Finger Lakes Distilling is a NYS Farm Distillery, which means that we’re a small operation making a handcrafted product. It also means we’re able to devote all our attention to everything we make; we don’t take any shortcuts. Our flavored vodkas and liqueurs are made in the traditional manner, by soaking real fruits in the spirit. We don’t add extracts or synthetic flavoring to speed up the process. Our whiskies rest in oak barrels for as long as they need to, until they mature into the rich aged spirit we offer with pride.

Brian, gives us some history about yourself. What did you do before you got into the distillery business?

BM: I was born and raised here in the Finger Lakes and have spent most of my life in the area. After college I worked as a consultant and then spent 6 years in the banking industry. In 2006, the bank I was working for was bought out and I decided to start my own business. When mulling ideas for what to do, I decided I really wanted to create a business that would integrate well with the booming wine industry here in the Finger Lakes. Since my interest was more in whiskey and spirits, it was logical to me that it was a niche that might be good to pursue.

How did finger lakes Distilling come about? What made you want to open up a distillery? Tell us more about the name?

BM: After coming up with the idea for a distillery in wine country, I learned very quickly that my business model wouldn’t work. At that time, distilleries were not allowed to host visitors for tastings and sales. Instead of giving up, I worked closely with a few other NY distilling pioneers and the NY Farm Bureau to lobby for legislation that ultimately created a new license class in the State – the Farm Distilling license.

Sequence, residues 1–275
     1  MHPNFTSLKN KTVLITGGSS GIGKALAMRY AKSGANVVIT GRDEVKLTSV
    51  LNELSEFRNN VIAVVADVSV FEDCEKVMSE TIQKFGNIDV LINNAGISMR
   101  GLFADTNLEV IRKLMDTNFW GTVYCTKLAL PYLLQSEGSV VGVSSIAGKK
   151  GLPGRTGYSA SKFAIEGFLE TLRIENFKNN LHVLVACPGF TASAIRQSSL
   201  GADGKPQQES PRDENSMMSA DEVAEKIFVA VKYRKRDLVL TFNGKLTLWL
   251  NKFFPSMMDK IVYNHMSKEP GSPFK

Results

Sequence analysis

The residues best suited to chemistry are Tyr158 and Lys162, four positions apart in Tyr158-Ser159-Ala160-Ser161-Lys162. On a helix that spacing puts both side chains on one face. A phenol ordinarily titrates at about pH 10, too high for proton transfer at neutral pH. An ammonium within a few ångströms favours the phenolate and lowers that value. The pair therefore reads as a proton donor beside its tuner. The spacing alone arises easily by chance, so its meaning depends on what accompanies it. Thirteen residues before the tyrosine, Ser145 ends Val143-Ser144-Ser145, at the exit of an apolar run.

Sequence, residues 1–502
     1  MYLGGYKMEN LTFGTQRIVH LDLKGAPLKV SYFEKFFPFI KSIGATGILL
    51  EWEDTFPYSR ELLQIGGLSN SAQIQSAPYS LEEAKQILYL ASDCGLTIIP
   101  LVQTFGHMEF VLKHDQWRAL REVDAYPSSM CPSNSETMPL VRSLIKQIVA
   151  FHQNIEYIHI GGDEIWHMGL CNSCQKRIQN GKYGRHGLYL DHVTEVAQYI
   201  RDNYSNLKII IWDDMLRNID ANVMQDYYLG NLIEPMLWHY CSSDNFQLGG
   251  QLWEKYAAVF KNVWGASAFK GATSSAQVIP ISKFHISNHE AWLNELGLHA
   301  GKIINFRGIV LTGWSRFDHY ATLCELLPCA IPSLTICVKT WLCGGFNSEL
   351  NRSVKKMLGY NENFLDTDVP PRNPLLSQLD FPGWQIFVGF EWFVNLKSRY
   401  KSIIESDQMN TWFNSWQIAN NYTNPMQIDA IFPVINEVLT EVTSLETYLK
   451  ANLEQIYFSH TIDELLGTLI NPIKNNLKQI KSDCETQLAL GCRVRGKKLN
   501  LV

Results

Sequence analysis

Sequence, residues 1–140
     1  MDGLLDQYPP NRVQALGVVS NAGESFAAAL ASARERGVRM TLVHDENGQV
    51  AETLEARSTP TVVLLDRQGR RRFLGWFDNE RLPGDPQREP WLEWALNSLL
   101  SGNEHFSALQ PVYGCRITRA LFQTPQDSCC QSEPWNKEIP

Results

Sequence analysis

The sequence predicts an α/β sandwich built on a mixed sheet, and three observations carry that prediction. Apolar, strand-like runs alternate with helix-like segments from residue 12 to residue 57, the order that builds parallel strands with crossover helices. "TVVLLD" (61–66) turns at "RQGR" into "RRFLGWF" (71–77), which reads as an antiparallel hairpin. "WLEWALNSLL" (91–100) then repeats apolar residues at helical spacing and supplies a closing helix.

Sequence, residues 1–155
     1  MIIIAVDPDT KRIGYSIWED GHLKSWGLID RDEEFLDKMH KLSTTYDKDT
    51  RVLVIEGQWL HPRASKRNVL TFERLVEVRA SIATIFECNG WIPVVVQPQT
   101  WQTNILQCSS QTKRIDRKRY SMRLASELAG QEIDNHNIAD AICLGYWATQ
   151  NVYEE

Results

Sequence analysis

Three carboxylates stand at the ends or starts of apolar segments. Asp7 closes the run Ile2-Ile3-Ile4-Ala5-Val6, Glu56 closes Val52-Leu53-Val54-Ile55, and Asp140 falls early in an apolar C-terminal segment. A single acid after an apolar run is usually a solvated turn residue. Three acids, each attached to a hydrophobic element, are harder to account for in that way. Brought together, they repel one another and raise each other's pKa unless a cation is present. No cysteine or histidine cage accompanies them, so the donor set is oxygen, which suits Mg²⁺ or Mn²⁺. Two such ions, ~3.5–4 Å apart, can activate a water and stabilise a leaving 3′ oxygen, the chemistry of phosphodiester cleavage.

Once that was possible, we decided to pursue the dream and wanted to become a tourist destination that the region could be proud of. Our corporate identity is Finger Lakes Distilling because we are proud of the area and were really the first standalone distillery. We have several product brands, but are best known for our McKenzie spirits. You can probably guess where that name came from.

What was your vision for Finger Lakes Distilling? Do you feel you achieved what your vision embodied?

BM: We’ve achieved a lot in 8 years – solid growth, awards, and good press – but I still consider our business as a work in progress. We’ve tripled our square footage and added new stills and now sell in 8 states. We’ve done all of this without outside investment and have not deviated from our approach of making everything from scratch. We’ve never outsourced our whiskeys and despite significant growth, we’ve also been able to extend our aging and built our inventory to over 1,000 barrels.

What type of whisky do you currently produce?

BM: Whiskey makes up about 80% of our production and it is mostly rye and bourbon. Our standard rye is 80/20 rye/malted barley and is aged for 2.5-4 years in heavy charred barrels (we finish in sherry casks). We make 2 styles of bourbon – our standard is a high rye bourbon (70 corn/20 rye/10 malted barley).

We also make a wheated version where we switch out the rye for wheat. That product is available by the cask for selected retailers and every once in a while we pull a barrel to sell in our tasting room. In addition to bourbon and rye, we also produce an Irish-style whiskey and have been putting up single malt for several years (not yet released).

Do you source all the ingredients locally ? how important is to to keep everything local?